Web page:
Our TakeNaughty Dog is packing quite a bit of content into the Last of Us between this and previous DLC bundles. The idea of a season pass has been a highly contentious issue with gamers, but the one for The Last of Us seems to be well worth the price for those who are interested in addition single and multiplayer content.
Sony’s most recently closed fiscal year (ended March 31, 2014) was a financially trying one for the company. In February, the company warned of a $1.1 billion loss for the period, which was followed by layoffs and closures in the United States and abroad (including the profitable games division).
Today, Sony Computer Entertainment, Inc. has announced it will sell all 9.52 million shares of Square-Enix stock it is currently holding. The deal was struck with brokerage firm SMBC Nikko Securities and will see a cash infusion of approximately ¥4.8 billion ($47.1 million).
The exact transfer price will be published on April 17. Sony will include the capital gains in its earnings projection for 2014, which will be announced on May 14 in conjunction with its full-year 2013 results.
[Source: Sony via Siliconera]
Our TakeThere are two sides to this transaction. Sony needs the cash, and this will help buoy the finances a bit. However, it could also be seen as a sign of no-confidence in the Final Fantasy publisher. That company has been struggling due to extremely large budgets that simply can’t be recuperated with sales (as evidenced by labeling strong sellers in 2013 as “underperformers.”)
The good news is that, internally, things might be getting back on track. Final Fantasy XIV has performed well, and Square-Enix has touted the success of Bravely Default in the west (though seemed surprised by sales). Square-Enix must get a handle on what regional audiences want.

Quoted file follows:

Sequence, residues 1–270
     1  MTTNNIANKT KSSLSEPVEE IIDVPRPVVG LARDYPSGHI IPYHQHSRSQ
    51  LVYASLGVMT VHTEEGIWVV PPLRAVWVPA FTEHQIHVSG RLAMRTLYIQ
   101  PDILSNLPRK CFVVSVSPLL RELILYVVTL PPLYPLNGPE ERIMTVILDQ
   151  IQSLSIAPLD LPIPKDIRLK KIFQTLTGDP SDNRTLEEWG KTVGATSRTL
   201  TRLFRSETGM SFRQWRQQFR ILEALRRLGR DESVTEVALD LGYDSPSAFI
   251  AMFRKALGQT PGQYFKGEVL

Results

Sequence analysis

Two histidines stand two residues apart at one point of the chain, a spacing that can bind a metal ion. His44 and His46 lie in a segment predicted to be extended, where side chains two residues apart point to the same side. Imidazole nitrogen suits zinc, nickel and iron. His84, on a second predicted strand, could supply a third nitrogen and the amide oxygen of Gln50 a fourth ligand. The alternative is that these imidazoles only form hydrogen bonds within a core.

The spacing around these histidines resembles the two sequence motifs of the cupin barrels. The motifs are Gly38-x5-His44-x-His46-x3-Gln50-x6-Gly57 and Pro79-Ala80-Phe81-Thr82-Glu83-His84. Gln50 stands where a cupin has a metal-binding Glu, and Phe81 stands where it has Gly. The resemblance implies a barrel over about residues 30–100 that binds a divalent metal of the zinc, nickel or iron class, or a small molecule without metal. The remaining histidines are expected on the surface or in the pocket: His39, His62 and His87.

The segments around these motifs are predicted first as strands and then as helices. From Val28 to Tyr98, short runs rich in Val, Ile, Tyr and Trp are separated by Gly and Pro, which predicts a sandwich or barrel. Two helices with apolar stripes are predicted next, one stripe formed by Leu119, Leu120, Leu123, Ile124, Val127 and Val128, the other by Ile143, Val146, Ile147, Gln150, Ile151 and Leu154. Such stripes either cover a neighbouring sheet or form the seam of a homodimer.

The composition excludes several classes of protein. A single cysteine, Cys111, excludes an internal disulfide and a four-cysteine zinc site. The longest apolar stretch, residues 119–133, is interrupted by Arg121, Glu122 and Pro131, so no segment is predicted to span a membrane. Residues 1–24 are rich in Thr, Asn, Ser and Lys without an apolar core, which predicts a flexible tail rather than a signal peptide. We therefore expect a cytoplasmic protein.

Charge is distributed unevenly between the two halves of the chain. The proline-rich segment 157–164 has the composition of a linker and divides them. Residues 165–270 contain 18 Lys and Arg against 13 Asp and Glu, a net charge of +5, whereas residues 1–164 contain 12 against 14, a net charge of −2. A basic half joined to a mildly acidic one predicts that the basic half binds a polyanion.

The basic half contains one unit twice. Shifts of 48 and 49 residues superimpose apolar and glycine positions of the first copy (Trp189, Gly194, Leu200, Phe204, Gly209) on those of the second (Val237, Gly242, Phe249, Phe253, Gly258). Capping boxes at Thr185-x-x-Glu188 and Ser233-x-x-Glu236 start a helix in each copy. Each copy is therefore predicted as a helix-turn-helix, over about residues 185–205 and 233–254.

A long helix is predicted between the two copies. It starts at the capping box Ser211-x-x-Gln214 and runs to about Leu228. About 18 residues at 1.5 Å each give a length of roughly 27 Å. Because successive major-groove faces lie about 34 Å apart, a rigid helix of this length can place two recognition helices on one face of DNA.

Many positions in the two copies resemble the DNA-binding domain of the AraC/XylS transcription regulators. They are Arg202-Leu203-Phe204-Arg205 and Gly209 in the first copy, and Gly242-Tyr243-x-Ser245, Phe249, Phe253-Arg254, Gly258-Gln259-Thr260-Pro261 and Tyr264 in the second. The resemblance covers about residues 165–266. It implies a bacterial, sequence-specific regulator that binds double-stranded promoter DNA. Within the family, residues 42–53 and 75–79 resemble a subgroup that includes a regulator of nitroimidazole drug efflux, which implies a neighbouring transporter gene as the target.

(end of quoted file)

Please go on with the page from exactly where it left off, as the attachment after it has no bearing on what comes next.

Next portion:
The digital download version of Minecraft came out for the PlayStation 3 at the end of last year, and in a little bit the disc-based edition will be hitting brick-and-mortar stores.
The game will be on store shelves on May 16, and will include all the features in the Xbox 360 edition, including Update 14 (carrots on sticks for riding pigs, pumpkin pie, fixes, etc.).
Console Minecraft developers 4J Studios also say that work continues on the PS4 and Vita versions of the game, but an official release date has not been announced.
[Source: Official PlayStation Blog]
Our Take:It sounds anti-climactic, but Minecraft's reach is so deep and broad that it's no small thing to make it accessible for your average person – who likely isn't into downloading games.
Update: Ars Technica has updated its story to indicate that "hours played," a crucial statistic in determining usership, was introduced in March, 2009. This changes the percentage of unplayed games significantly.
The new data suggests that approximately 26.5 percent of purchased games are unplayed (down from the originally reported 36.9 percent). Ars Technica will be updating the relevant data more extensively, at which time we will update as well.